I have a slight obsession with Google Forms. I’ve already written two blog posts about things to do with Google Forms. The first, Using Google Forms for Walkthrough Observations, is specifically for creating a workflow for informal walkthrough observations. The second, Google Forms in my Classroom, is examples of how I use Forms regularly in my classroom and with my students.
This post shares an excellent strategy for scaffolding paragraph writing. Total transparency, I got this idea from the one and only Mark Rounds at the Copper Country Summit back in August! Thanks Mark!
In science, we are focusing on writing Claim-Evidence-Reasoning (CER) paragraphs based on labs and phenomena. Our students struggle with writing in general, and especially with CER. We provide many scaffolds, such as graphic organizers and sentence frames, which helps not only our students who are English Learners and/or RSP, but also those who struggle with writing, or are just having a bad day. This particular scaffold uses Google Forms + Autocrat (Sheets Add-on) to create color-coded paragraphs, and has worked well for all of my students.
I set up the Form with a separate paragraph responses for Claim, Evidence, and Reasoning (extra Evidence + Reasoning for longer paragraphs). Then, I created a template Doc with <<tags>> that exactly match each question on the Form. Using the AutoCrat Add-on within Google Sheets, I set up the mail merge to turn the form responses into a paragraph.
Here is a Claim-Evidence-Reasoning example. Feel free to fill out this Form to see what the final product looks like! I also created an Autocrat how-to screencast.
After designing my lesson, I sent the Form out to students via Google Classroom. Once they filled out the form, they were instructed to go to their shared with me on Google Drive (or Gmail) to view their Doc. They made changes and corrected spelling and grammar. I was able to click on links to their Docs from the Sheet, making grading easy.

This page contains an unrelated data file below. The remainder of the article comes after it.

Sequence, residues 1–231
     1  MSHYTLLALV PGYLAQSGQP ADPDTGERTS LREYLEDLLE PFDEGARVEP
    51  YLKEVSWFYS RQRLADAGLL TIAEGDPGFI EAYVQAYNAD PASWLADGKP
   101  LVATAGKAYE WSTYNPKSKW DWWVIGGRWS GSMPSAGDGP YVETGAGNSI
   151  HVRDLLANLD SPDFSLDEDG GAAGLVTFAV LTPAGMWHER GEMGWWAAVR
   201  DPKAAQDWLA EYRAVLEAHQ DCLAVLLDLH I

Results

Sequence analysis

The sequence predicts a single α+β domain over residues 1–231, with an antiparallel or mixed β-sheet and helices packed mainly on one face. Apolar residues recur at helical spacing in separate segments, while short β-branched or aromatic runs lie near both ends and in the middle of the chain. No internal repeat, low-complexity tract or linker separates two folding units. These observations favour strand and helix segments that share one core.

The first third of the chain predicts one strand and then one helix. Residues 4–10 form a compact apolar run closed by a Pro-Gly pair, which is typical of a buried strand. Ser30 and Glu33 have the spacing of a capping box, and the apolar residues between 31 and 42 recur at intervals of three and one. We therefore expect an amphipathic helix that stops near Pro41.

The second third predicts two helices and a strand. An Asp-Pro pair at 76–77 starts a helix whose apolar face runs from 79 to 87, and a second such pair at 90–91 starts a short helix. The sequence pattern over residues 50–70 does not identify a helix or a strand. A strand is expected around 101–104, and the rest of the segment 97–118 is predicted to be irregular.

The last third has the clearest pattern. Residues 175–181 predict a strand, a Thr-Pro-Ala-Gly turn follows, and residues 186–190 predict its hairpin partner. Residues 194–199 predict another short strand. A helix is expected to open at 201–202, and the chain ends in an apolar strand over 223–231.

I am amazed at the improvement in my students’ writing. When I looked through the most recent submissions, I was amazed at how much more my students wrote, and not only quantity, but also quality!
Example #1: This student is RSP, and is frequently lost during class. If I had asked her to write this without scaffolds or with simple written instructions, I would have felt lucky to get two sentences! Obviously, her spelling and grammar (and academic writing) are not perfect, but this is a giant leap.
Example #2: This student is mild/mod special education, and is mainstreamed only for science. I am very impressed with how he supports his claims with evidence, and writes in complete sentences. He often gets overwhelmed with writing tasks, so breaking it up into tiny chunks allowed him to work independently.
Example #3: This student is a Long-Term English Learner (LTEL). She is a hard worker and is conversationally proficient in English, but lacks strong academic English, reading, and writing skills.
In my 8th grade AVID class, we have read, analyzed, and discuss multiple articles and sources relating to a single topic. For their writing, I included counterclaim and rebuttal components.
Example #4: This student is one of the top readers and writers in our school. While she did not necessarily need these scaffolds, she reported that this helped her organize her ideas as she was referring back to the articles and resources. She was thrilled with the color-coding too.
As I try to slowly remove writing scaffolds for students, this will remain a useful tool for students who either need extra support or opt to use it. It’s easy to have a generic Form handy, and even one they can use for other classes or in future school years.
When you try this with students, remember to share how it goes!